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Industrialism and class consciousness in the novels of D. H. Lawrence: a study in realism

James, P. A. (1974) Industrialism and class consciousness in the novels of D. H. Lawrence: a study in realism. Masters thesis, Durham University.



Unlike other areas of sociology, the sociological study of literature has remained in a limbo between social science as simply the study of facts, and literature as an area which by its very nature cannot be scientifically analysed. This thesis is an attempt to bridge the gap between these two poles. We begin by discussing the idea of literature as a social phenomenon, looking in particular at the work of Marx, Engels, George Lukacs and Lucien Goldmann, whilst at the same time pin-pointing various methodological problems. We end the first part by drawing together various elements from each writer, such as, 'world-view', 'mediation', and 'realism', including the more literary orientated work of Rene Girard, in an attempt to devise a method which is scientific but is also capable of discussing the text and aesthetic features of a novel in detail. In the second chapter we look at intellectual influences which Lawrence was subject to, and also his own personal philosophy as expressed in his essays and letters. In the third chapter, we examine the economic and political forces which were operating in England at the time he was writing, and try to relate these, and the elements discussed in the previous chapter, to the structure of his novels. In the last chapter we discuss the novels themselves by using our methodology arrived at in chapter one. In this way we are able to examine the novels both generally, and in depth, and arrive at a conclusion which confirms the subjective analyses of literary critics such as F.R. Leavis, but provides a scientific basis for the judgement of literature as aesthetically good or bad. It is expected that this method can be applied to other writers, and therefore says something about the novel as a genre and not merely one particular writer.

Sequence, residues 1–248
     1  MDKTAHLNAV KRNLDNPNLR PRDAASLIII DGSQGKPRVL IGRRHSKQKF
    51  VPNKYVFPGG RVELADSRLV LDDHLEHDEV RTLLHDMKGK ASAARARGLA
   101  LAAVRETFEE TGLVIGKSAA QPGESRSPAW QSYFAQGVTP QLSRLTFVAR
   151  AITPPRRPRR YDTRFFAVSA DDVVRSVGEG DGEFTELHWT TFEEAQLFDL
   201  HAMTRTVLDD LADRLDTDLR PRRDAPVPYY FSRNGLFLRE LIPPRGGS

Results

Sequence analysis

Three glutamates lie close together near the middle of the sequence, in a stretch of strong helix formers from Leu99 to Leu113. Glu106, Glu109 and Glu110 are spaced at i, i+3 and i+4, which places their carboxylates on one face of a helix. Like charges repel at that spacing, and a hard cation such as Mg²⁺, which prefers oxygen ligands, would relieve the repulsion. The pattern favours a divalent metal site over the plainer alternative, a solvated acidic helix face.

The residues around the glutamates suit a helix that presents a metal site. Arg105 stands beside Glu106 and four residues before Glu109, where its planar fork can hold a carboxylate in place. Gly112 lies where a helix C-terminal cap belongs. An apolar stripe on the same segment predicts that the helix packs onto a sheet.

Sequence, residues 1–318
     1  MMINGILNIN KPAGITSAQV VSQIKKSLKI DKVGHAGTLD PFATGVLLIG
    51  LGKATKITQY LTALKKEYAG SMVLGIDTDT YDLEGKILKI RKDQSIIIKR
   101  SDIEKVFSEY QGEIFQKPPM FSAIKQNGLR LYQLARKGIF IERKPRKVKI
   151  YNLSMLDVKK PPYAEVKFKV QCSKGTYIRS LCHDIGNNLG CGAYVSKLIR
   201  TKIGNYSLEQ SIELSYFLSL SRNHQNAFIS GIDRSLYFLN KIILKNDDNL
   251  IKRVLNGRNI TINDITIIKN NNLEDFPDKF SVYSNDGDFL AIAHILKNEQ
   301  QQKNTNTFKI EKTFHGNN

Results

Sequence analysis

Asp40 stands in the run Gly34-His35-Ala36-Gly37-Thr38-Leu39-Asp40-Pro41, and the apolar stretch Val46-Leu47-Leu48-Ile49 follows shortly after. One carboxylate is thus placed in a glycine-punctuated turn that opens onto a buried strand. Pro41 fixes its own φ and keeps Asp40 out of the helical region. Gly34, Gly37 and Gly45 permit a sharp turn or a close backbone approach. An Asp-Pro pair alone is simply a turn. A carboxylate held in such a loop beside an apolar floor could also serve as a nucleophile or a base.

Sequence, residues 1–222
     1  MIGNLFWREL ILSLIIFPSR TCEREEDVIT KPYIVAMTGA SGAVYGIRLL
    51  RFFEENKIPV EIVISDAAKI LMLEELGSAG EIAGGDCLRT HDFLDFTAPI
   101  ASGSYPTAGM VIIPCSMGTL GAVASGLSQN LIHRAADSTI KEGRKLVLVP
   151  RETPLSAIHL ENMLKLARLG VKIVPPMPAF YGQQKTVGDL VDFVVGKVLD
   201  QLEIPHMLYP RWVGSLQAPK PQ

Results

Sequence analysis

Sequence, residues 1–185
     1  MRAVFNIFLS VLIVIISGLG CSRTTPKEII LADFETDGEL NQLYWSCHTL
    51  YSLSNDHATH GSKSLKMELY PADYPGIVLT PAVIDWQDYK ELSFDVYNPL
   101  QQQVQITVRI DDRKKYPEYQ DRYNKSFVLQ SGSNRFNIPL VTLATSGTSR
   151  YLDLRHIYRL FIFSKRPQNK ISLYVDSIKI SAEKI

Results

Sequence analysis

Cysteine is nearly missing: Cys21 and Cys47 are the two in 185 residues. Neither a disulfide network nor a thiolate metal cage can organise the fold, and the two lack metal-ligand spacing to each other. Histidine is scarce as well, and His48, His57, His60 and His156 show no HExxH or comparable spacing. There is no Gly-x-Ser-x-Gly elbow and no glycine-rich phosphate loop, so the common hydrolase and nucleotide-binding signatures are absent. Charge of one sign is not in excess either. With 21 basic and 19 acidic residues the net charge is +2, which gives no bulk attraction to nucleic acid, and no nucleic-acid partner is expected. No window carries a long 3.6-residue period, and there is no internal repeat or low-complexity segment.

Item Type:Thesis (Masters)
Award:Master of Arts
Thesis Date:1974
Copyright:Copyright of this thesis is held by the author
Deposited On:14 Mar 2014 16:31

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